My neighborhood and schools were predominantly white. I was usually one-of-one or one-of-two black people in my classrooms. Overall, I experienced very little overt racism. But I always remember feeling like an outsider, even though I had a lot more in common with my white classmates than my own family.

I did not live near any of my relatives. Most of them lived in other states. And when I visited them, I usually felt like I wasn’t “black enough” or “Chinese enough.” I didn’t “fit in” anywhere.

Is there a particular book that made a significant impact on you? Can you share a story or explain why it resonated with you so much?

At the hedge fund I used to work at, my boss gave me the book, “Born to Run” by Christopher McDougall, and a Barack Obama Chia Pet the day I left the company. I regifted the Chia Pet and read the book.

While I was reading it, I realized that I was born to run fast (I was a sprinter in high school and college) and run long distances. Before that “a-ha” moment, I used to put myself in a box called, “I am a sprinter. I don’t run long distances.” And I would say exactly that to anyone who invited me to participate in a long-distance race, including one of my former executive-level bosses who tried to persuade me to do the Camp Pendleton Mud Run with him and his family. I was so close-minded. I didn’t even consider saying, “Yes.” Man, was that a bad call.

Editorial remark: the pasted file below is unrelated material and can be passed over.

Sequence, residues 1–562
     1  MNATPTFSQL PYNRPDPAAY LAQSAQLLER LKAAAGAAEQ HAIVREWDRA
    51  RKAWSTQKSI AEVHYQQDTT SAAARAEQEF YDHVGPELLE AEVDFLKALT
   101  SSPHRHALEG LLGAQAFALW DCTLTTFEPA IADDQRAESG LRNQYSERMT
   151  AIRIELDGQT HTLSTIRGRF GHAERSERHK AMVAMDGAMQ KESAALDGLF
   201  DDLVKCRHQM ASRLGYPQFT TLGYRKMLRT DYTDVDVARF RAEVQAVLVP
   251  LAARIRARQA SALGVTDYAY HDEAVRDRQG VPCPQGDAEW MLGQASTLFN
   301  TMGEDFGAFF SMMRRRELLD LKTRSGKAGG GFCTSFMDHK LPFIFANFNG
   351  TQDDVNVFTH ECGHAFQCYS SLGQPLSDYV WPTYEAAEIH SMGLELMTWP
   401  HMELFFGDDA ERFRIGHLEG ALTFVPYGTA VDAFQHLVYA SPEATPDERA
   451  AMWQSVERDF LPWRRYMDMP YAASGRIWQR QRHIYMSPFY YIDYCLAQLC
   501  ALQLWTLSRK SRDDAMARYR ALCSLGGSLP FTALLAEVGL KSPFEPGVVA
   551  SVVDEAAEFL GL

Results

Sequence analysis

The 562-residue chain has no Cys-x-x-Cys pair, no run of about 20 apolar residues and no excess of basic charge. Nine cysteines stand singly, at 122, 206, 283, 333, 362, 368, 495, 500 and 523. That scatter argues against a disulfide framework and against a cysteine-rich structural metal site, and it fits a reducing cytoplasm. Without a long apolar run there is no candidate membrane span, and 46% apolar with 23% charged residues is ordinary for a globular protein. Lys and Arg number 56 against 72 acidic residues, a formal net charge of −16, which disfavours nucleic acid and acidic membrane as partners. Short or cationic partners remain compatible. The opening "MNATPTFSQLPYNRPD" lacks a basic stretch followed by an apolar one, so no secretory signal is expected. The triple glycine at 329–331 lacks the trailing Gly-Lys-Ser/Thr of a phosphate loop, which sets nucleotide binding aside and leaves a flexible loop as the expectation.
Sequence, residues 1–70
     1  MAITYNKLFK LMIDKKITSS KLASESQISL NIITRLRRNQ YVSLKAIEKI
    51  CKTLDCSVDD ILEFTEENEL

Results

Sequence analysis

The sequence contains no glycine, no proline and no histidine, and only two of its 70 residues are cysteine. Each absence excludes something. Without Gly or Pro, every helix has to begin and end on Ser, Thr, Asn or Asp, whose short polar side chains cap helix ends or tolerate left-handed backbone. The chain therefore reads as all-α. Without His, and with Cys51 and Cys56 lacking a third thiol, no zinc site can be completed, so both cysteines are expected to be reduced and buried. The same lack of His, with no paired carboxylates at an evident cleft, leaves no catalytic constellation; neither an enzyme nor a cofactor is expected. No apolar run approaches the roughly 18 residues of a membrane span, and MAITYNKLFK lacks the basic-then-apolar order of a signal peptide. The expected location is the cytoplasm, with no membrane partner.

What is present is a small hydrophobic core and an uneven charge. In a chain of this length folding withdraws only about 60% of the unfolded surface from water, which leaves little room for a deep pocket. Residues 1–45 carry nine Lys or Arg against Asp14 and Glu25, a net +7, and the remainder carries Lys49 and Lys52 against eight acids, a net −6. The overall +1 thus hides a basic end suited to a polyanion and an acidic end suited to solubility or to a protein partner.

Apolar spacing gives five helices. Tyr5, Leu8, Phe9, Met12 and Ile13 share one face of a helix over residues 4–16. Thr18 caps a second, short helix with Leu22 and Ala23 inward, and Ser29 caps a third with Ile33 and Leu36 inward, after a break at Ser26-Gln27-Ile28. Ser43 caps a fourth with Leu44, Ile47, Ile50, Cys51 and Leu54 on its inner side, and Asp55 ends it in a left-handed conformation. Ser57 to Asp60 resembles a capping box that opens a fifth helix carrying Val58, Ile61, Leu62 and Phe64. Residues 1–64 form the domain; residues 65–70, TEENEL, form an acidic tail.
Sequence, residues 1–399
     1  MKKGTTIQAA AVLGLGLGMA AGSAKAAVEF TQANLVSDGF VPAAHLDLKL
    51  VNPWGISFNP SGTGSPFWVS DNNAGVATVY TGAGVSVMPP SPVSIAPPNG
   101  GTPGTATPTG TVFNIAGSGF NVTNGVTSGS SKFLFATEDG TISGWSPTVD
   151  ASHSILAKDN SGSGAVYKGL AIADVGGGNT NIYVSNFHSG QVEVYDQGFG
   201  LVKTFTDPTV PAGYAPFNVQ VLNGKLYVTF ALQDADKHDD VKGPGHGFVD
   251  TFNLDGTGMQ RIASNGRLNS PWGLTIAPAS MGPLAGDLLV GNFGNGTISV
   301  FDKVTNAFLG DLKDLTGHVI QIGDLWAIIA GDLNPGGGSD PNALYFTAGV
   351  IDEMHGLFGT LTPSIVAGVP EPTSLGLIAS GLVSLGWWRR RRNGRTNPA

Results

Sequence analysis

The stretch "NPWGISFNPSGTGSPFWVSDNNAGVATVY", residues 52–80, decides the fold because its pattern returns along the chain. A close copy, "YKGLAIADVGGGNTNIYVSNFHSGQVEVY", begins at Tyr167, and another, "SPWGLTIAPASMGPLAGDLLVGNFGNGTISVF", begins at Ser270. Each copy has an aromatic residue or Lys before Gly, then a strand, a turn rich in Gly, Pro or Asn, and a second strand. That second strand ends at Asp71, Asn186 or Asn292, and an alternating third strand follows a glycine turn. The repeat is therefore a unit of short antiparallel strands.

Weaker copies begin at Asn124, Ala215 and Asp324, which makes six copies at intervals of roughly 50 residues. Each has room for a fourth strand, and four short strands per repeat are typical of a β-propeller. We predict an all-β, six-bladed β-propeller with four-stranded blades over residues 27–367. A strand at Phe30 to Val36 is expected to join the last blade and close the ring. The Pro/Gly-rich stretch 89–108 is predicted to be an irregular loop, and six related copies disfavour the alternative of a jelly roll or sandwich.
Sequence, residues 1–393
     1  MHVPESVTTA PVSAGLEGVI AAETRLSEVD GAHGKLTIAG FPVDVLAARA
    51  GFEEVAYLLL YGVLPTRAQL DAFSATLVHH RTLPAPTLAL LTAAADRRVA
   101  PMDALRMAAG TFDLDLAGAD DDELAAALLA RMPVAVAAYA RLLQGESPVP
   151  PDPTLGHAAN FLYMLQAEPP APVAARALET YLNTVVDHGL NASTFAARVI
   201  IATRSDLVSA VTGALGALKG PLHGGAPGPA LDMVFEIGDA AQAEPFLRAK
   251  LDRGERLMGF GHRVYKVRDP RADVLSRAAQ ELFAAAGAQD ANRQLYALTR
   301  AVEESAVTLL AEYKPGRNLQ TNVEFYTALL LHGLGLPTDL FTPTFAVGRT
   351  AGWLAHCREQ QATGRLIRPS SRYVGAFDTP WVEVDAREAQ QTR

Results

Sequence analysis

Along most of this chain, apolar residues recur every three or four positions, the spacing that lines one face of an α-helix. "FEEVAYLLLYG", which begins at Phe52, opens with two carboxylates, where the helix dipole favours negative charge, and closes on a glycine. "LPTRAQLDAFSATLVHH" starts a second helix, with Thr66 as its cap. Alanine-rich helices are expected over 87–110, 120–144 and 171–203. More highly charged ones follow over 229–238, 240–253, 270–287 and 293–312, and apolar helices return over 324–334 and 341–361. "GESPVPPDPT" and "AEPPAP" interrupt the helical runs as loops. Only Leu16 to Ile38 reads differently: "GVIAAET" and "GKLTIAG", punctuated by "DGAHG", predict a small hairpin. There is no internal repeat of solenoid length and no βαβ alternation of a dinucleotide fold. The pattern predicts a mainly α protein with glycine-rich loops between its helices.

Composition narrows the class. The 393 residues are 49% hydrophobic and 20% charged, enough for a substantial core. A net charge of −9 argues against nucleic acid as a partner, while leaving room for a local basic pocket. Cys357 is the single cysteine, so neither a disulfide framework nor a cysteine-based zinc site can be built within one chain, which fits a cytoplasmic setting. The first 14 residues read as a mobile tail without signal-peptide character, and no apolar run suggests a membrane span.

That book got me to do something scores of people never got me to do — run long distance for fun and get good at it. That was huge because it underscored that I could do anything if I want to and work hard to make it happen (even if I’m not naturally good at it). Plus, it transformed my company’s meaning and mission as we help people run faster towards their goals and dreams.

Do you have a favorite “Life Lesson Quote”? Do you have a story about how that was relevant in your life or your work?

Hockey player Wayne Gretzky said, “You miss 100% of the shots you don’t take.”